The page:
In Perfume: The Story of a Murderer, I need help with the following question.
The narrator remarks, "Odors have a power of persuasion stronger than that of words, appearances, emotions, or will. The persuasive power of an odor cannot be fended off, it enters into us like breath into our lungs, it fills us up, imbues us totally. There is no remedy for it" [p. 82]. Do you think this is true? Why would an odor have such power? In what ways does Grenouille use this power to his advantage?
Studies have shown that there is a direct link to smells and powerful emotions; this is a fact that is evidenced to be true by the very successful market of perfumes, body sprays, lotions and other products that all have pleasing scents and make quite a bit of money in marketing it. All of my high school guy friends wore the cologne Drakaar Noir, and years later, I was walking in a store and smelled a candle that made me feel incredibly nostalgic and happy, and I had no idea why. Eventually, I figured out that the candle was based on that cologne, and smelling it was reminding me of all of the fun times I had with my friends back in the day. For whatever reason, scent elicits powerful emotions in us, and can bring back memories of people years afterwards.
In Perfume: The Story of a Murderer, Grenoille demonstrates just how completely true the quote above is. Think of the ending, for example. What drove normal, sane human beings to tear a person apart bit by bit and consume him like savages? Scent did--nothing else. Nothing in the world would have ever convinced them to do that--kill him maybe, but cannibalism? Nope. If nothing else, Suskind dedicates an entire novel to the highly underrated sense of smell, and creates a diabolical character to demonstrate its power.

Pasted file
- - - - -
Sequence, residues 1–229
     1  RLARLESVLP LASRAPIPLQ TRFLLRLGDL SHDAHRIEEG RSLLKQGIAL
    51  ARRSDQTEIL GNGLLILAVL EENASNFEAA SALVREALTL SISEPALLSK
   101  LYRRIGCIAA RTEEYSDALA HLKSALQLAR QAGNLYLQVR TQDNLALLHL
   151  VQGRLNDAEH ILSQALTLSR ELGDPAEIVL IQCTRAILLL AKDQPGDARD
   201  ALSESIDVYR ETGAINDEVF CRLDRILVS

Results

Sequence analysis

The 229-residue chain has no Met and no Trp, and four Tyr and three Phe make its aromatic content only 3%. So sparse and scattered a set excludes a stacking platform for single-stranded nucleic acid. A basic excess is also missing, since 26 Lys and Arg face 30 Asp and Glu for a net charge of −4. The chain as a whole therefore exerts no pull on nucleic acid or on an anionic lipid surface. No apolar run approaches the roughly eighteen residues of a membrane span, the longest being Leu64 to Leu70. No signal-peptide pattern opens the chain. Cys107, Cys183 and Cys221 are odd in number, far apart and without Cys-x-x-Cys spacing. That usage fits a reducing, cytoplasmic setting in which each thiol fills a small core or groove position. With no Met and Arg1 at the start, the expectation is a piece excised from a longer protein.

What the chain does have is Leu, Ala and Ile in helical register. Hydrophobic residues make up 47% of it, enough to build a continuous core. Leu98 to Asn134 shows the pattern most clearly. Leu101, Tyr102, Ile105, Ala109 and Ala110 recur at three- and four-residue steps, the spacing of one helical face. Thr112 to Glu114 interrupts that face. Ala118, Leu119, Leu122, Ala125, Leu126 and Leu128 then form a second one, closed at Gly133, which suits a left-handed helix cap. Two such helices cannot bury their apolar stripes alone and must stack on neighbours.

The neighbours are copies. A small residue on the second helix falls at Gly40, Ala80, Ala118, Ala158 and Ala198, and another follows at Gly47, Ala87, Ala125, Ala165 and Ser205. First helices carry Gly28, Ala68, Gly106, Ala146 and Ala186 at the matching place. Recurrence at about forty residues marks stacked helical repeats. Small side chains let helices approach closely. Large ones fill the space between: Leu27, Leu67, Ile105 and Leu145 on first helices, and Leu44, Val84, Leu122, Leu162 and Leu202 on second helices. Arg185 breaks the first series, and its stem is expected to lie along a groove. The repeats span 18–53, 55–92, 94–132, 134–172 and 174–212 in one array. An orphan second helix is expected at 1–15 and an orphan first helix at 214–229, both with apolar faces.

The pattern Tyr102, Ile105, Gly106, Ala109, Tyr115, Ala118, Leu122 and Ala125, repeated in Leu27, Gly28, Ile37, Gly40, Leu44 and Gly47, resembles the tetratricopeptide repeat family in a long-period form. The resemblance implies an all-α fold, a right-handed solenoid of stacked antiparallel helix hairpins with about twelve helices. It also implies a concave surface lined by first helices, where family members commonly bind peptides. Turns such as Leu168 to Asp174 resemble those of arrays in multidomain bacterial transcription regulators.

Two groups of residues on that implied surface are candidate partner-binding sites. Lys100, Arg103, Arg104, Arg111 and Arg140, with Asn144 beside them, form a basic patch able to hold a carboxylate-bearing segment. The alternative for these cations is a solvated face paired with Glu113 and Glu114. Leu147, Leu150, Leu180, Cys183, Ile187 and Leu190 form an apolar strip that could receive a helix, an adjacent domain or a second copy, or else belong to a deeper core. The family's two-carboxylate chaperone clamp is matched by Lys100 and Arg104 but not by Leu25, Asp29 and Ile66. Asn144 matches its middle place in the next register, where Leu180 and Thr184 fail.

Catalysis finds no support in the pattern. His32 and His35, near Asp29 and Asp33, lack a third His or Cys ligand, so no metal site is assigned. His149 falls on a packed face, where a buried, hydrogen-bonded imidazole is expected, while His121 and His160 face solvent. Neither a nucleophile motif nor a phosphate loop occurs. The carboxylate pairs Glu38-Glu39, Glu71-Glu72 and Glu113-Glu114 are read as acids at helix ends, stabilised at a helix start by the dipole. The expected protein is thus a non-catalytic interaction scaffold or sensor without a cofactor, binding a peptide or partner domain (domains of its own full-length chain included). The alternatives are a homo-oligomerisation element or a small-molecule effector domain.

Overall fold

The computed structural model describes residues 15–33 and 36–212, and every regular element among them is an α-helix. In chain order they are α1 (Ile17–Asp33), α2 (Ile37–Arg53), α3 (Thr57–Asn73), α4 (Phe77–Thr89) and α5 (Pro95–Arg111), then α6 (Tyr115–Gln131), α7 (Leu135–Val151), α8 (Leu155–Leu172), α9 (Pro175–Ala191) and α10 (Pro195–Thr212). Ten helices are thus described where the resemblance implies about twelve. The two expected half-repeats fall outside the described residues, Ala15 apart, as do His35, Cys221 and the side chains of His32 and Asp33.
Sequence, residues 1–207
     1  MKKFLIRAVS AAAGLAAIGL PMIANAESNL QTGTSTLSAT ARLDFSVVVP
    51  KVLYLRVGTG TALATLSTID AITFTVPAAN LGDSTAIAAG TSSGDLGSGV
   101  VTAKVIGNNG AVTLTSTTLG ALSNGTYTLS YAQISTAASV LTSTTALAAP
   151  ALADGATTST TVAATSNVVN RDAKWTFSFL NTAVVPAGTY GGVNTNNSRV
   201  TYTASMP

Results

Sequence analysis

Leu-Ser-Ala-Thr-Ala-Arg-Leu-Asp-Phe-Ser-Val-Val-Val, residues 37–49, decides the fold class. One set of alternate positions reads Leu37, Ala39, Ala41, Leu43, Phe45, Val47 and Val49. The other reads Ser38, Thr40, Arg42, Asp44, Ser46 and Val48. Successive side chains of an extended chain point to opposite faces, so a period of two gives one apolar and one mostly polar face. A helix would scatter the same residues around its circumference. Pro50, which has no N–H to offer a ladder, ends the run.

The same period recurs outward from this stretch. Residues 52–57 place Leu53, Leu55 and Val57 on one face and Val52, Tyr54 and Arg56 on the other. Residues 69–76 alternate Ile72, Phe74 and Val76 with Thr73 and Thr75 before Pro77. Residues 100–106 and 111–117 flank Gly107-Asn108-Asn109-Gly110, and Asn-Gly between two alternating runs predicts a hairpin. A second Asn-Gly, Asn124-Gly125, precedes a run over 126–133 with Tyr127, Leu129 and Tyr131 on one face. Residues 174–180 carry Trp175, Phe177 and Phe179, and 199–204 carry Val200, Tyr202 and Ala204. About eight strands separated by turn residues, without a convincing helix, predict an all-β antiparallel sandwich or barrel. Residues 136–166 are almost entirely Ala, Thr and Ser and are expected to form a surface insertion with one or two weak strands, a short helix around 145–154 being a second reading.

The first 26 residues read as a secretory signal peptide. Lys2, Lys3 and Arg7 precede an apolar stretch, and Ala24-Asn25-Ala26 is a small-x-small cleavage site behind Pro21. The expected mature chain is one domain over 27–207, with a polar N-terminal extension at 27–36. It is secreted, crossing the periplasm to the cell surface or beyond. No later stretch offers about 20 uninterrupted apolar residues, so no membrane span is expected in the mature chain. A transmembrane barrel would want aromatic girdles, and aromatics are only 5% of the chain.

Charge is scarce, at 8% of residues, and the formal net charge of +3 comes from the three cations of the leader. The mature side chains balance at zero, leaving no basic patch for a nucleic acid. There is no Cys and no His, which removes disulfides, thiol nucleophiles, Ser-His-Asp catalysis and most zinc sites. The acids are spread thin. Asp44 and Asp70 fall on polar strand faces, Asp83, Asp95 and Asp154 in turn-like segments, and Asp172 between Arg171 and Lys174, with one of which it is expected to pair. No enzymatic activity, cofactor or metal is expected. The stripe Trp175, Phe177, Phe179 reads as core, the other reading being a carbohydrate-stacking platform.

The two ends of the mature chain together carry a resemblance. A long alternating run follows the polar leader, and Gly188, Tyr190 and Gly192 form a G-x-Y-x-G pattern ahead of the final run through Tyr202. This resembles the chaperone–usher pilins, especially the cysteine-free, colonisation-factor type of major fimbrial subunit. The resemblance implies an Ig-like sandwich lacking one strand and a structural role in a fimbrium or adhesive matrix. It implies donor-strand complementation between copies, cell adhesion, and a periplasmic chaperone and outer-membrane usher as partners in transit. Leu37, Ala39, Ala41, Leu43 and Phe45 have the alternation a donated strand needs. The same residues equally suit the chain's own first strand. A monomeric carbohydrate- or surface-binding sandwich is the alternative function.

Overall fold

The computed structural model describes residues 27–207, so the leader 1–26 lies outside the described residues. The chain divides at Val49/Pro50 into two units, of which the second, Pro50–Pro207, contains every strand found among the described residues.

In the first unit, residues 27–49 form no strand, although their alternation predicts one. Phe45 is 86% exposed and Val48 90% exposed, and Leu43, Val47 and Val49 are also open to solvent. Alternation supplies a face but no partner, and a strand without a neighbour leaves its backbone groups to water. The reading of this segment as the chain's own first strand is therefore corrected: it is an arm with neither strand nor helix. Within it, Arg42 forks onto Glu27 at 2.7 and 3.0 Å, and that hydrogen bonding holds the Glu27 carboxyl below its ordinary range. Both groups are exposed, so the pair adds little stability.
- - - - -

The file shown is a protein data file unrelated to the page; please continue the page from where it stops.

I'll take a shot at answering the second part of your question, "In what ways does Grenouille use this power to his advantage?"
It's been a while since I read Patrick Sueskind's novel, Perfume, but I recall the main character Genouille uses the power of odor at least twice. (I'm sure he uses it a lot more than twice, of course.) Pretty early in the novel he is able to create a scent that will make him smell like a normal human, which renders him virtually invisible to others. When he doesn't apply that scent, people notice and avoid him; with it applied, he passes into crowds pretty much without notice. He also uses the power of scent, of course, in the powerful perfume that he constructs (or composes, I suppose might be a better word) later in the novel from the scents of the women he kills. When he applies that second scent, people pretty much do whatever he asks of them.
Scent is, as Suskind notes in Perfume: The Story of a Murderer, one of the most powerful of the five senses. It can repel or attract, cause strong emotions, and recall vivid memories. Think about how the smell of a rose makes you want to breathe in deeper, or how the smell of fresh baking bread will make you think of your grandmother. Consider also how animals use scent to mark territory, attract a mate, or deter predators. The power of scent comes precisely from the fact that "it enters into us like breath." We can put earplugs in to drown out noise, we can close our mouths to stop tasting, but we can't stop breathing, and therefore, can't stop smelling.